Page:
Supervisors purchase land for new mental health center in Visalia, to dismay of neighbors

VISALIA, Calif. (KFSN) -- This week, Tulare County Supervisors approved the $1.2-million-dollar purchase of property on Lovers Lane in Visalia. It will be the future site of a mental health wellness and recovery center. Set to open late next year.

Another center like it will open in Porterville early next year.

"A wellness and recovery center is our lowest level of care," said Tulare County Mental Health Director Dr. Timothy Durick. "This is for individuals who have experienced a significant amount of recovery with their mental illness."

Dr. Durick says the first-of-the-kind centers in Tulare County will offer support groups, educational classes such as budgeting or cooking, and even vocational training.

Besides mental health professionals, the center will also employ peer support specialists, or individuals who have already completed their road to recovery with mental illness.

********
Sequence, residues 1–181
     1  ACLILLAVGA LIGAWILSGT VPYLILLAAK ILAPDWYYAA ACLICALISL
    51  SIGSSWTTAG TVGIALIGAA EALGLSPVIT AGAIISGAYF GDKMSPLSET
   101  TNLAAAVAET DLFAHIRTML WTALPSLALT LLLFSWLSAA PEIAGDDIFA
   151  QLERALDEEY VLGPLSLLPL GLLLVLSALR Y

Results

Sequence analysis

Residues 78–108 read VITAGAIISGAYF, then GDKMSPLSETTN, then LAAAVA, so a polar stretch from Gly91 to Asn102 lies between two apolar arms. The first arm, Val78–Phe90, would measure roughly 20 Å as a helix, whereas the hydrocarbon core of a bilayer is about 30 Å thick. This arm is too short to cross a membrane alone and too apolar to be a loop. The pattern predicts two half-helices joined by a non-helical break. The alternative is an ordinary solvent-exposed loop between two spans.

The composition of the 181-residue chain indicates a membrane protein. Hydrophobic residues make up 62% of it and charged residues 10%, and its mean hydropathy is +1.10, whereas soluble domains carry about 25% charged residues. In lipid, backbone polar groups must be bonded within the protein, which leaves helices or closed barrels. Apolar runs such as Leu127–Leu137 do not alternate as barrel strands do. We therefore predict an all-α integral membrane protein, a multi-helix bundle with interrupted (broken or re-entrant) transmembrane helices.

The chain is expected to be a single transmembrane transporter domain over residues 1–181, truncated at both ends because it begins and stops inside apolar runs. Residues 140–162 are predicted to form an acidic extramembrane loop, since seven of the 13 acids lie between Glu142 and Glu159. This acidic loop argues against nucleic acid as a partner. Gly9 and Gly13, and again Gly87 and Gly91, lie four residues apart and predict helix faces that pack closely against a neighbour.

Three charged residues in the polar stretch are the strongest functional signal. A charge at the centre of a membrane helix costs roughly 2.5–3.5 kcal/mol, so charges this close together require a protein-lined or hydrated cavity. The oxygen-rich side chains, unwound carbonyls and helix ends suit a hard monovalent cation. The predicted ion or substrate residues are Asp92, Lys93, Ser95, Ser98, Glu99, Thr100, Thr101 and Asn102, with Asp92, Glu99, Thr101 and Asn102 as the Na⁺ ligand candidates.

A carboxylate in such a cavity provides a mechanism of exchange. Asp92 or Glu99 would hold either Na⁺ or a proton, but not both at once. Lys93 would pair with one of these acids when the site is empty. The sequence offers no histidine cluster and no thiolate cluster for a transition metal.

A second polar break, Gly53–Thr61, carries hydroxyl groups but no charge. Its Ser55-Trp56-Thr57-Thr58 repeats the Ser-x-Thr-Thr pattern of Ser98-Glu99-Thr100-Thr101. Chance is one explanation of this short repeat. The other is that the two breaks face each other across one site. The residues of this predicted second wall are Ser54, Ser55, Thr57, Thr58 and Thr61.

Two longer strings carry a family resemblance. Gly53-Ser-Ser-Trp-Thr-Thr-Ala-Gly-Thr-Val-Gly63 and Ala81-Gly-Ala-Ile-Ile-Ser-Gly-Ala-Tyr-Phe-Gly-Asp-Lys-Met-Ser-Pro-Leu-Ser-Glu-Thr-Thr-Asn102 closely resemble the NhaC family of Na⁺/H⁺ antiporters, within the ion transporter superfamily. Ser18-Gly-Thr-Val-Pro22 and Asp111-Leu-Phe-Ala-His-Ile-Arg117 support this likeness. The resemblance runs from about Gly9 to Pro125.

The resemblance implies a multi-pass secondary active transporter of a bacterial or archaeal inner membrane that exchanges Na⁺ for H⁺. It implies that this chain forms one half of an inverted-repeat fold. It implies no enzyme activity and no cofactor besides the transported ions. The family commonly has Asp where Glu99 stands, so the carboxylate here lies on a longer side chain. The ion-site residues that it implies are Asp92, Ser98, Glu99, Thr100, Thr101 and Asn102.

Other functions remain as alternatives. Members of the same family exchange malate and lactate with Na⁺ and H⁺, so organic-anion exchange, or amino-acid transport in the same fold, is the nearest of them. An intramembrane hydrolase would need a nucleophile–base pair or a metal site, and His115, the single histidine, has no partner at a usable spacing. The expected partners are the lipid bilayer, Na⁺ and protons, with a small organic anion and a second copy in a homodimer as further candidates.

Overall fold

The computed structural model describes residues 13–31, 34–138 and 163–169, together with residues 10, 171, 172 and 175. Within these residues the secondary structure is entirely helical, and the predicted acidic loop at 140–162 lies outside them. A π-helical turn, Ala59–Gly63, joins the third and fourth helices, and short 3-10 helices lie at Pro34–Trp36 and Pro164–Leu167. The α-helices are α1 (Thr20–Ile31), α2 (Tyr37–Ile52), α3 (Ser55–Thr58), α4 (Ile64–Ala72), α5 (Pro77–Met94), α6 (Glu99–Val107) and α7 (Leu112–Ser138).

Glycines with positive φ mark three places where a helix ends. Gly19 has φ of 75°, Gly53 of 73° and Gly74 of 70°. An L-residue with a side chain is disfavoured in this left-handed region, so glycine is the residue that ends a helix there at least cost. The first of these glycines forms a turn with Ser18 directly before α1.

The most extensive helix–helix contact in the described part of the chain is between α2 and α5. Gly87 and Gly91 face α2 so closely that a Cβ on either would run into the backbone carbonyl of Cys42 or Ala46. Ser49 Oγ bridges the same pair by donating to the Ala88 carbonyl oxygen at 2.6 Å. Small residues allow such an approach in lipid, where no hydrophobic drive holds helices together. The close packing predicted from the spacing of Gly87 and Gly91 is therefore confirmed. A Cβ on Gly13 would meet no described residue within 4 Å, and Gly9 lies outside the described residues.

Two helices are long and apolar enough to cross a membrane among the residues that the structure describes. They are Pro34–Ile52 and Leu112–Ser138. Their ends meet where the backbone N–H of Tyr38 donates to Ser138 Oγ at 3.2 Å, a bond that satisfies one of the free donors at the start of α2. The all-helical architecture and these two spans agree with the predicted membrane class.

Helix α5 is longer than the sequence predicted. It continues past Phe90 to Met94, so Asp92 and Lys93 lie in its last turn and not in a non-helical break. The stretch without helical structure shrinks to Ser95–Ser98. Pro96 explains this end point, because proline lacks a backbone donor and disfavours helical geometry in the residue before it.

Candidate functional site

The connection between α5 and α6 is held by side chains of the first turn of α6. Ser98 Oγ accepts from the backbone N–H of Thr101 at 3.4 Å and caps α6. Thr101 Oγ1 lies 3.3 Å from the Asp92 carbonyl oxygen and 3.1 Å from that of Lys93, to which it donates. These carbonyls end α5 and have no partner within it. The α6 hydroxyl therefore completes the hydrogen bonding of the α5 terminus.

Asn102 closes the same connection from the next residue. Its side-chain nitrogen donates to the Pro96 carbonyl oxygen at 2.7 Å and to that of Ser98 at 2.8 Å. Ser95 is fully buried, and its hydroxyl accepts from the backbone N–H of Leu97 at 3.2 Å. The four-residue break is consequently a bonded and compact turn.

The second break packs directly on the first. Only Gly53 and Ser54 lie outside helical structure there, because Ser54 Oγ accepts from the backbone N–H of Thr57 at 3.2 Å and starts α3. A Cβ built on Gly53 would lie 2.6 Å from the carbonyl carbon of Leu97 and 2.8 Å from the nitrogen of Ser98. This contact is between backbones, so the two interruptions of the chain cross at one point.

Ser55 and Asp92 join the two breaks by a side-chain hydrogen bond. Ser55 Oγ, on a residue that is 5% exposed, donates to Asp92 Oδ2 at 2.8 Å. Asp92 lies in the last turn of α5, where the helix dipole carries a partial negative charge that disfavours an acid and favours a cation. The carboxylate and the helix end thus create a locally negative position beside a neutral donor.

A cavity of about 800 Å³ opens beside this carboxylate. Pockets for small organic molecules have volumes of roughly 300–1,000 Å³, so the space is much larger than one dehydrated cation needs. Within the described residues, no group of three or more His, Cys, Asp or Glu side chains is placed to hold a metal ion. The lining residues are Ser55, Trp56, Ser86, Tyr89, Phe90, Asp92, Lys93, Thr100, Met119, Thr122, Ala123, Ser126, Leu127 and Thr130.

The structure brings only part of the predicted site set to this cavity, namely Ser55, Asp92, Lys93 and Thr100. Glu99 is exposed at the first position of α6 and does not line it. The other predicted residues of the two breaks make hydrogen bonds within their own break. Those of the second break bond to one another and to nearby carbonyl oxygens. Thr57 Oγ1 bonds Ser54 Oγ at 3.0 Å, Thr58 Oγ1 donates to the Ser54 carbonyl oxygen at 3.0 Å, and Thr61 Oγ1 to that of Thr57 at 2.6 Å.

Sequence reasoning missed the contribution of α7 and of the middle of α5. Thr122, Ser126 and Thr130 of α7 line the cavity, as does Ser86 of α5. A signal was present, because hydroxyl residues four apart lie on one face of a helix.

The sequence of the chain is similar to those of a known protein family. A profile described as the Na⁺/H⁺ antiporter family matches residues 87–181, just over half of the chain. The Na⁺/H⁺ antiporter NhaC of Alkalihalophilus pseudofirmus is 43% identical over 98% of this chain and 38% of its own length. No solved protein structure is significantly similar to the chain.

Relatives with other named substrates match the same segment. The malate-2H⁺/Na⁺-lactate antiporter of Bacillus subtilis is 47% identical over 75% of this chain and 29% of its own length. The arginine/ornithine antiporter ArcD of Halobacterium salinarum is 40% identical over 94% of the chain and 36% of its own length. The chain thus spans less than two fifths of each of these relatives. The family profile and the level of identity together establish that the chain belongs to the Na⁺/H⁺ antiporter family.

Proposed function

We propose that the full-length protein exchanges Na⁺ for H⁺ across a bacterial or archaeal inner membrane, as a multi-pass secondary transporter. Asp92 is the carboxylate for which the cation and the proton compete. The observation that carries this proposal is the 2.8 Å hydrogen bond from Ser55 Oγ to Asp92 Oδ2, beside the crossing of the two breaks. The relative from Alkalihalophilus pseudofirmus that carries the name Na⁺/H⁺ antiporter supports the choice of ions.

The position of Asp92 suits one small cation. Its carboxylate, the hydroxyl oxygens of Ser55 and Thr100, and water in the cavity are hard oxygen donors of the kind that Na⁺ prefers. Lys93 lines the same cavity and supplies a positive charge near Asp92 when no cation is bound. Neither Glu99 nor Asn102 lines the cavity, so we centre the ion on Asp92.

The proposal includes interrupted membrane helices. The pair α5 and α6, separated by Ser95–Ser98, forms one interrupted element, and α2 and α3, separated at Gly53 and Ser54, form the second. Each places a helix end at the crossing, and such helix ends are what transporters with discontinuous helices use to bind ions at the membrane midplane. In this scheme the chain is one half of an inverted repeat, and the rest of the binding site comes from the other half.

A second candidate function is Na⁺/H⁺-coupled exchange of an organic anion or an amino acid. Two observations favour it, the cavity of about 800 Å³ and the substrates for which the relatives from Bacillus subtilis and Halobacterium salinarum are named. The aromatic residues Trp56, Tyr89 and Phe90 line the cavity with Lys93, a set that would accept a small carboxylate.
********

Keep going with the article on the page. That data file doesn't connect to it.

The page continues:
"So it's very powerful when they're able to discuss with a current consumer, 'Yes I've gone through that, whatever you're struggling with, and this is how I successfully navigated that issue,'" Dr. Durick said.

Josh Cox lives directly across the street from the site of the new Visalia center. He was one of dozens who showed up to the supervisors meeting in opposition to the purchase.

Cox is concerned about the center's clientele, and believes they could have a negative impact on the safety of his family, his neighbors, and the children who attend an elementary school just a couple blocks away. But he still understands the need for facilities like this one.

"We all agree with that," Cox said. "We just don't want it across the street from our house or in close proximity to Pinkham School. It just didn't seem like the right location."

Dr. Durick says there's a significant stigma around mental health in Tulare County, and the United States. He says mental health patients make up a small percentage of those who commit violent acts, and are actually more likely to be victims of violence than others.

"I think it's an opportunity for us to educate the community and help them to see that we will be a good neighbor," he said. "And these are individuals that have the same goals that each of those residents have."
Copyright © 2021 KFSN-TV. All Rights Reserved.